From:Midland, TX Region: Southwest Topic: Vines Title: Control methods for Tribulus terrestris, Goatheads or Puncturevine Answered by: Joe Marcus and Nan Hampton
We have some land that has so many goatheads we can't do anything with it. We would like to know what if anything will remove them from our place.
There has to be something out there that will kill these goatheads out.
REALLY BAD HERE.
Goathead (aka Puncturevine), Tribulus terrestris is a pernicious weedy introduction from Europe which now has nearly global distribution. It is a member of the Caltrop family, Zygophyllaceae. Both the common family name, Caltrop, and the genus name, Tribulus, refer to a particularly wicked iron weapon of ancient origin known as a caltrop used to incapacitate horses, other war animals and foot soldiers.
Puncturevine prefers and thrives in disturbed soils, especially over-grazed land. Improved land management is often the first and best step to take in controlling the weed. An annual plant, it does not compete well with other plants, especially turf grasses. If overgrazing or missing, groundcovering plants are not the issue on your land, there are other control strategies available.
If the amount of land affected is small, removal by hand is probably your best control method. It is best to remove the young plants by hand-pulling, hoeing or tilling before they go to seed. Since your plants are already producing seeds, you should pull, hoe or chop out the existing plants, rake or sweep up the spiney fruits, go over the soil with a piece of scrap carpet, rug or other nappy cloth and burn everything you pick up.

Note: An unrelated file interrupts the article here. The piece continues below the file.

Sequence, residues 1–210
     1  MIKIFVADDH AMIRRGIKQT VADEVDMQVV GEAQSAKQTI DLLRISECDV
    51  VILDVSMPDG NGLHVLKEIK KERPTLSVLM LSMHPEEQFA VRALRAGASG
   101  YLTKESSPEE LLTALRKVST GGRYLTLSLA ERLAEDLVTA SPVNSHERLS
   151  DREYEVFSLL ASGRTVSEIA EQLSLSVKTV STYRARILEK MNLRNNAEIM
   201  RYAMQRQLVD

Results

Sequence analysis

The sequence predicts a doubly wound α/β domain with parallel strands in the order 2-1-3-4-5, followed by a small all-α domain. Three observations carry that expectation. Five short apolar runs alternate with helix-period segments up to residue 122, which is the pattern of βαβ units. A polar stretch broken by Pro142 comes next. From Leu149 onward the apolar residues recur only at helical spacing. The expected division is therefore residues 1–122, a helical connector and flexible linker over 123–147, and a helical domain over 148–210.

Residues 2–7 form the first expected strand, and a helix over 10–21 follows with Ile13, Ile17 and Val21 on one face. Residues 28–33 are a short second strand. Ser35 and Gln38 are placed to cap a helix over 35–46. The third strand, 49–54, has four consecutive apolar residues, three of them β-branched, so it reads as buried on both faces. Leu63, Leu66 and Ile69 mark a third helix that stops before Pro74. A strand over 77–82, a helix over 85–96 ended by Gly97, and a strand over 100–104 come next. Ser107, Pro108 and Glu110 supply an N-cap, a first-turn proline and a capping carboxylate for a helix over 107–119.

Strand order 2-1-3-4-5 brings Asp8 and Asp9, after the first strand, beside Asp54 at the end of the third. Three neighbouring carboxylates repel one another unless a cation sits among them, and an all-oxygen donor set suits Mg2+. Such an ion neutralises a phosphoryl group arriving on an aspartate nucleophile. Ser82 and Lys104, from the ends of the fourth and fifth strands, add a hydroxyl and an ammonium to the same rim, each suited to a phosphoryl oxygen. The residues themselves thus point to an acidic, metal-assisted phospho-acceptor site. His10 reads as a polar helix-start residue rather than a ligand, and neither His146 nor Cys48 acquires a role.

Other control methods include the use of introduced weevils and burning with propane torches. Both methods will likely yield much less than complete control, but may make sense if you're dealing with large acreage. Your county agricultural extension service agent may also be able to help as others in your area are dealing with the same pest.
Green wall panel for Dallas August 21, 2007 - We are working on a green wall panel for a hotel near SMU--I see your list of recommended species for green roofs, & wondered if you have any ideas for vertical applications. Probably will have someth... view the full question and answer
Identification of possible Hairy Cluster Vine or Clematis May 28, 2007 - I found a small twining vine with purple to lavender, tubular flowers hanging on one side of the stem. The leaves are very narrow and alternate about 3/4"-1" long. I found them on the side of the ... view the full question and answer
Protection from native invasive trumpet vines April 17, 2008 - Mr. SP: I have invaders! Trumpet vines from a neighbor's yard, two doors away have taken over and are eating my garage and trying to steal all the sun from my clematis vines.
How do I get rid of... view the full question and answer
Identification of a wild vine in East Texas December 17, 2010 - Trying to identify a wild vine that grow 15-20 feet up our trees. The leaves are dark, glossy green about 2-3" long. The edges are smooth and elongated. Each leaf is placed to the right and then the ... view the full question and answer
Pruning Bittersweet Vine December 29, 2009 - I am interested in learning how to prune my American bittersweet. The vine has enjoyed it's second summer in my backyard. I would like learn how to prune it, not only for size, but to help keep the... view the full question and answer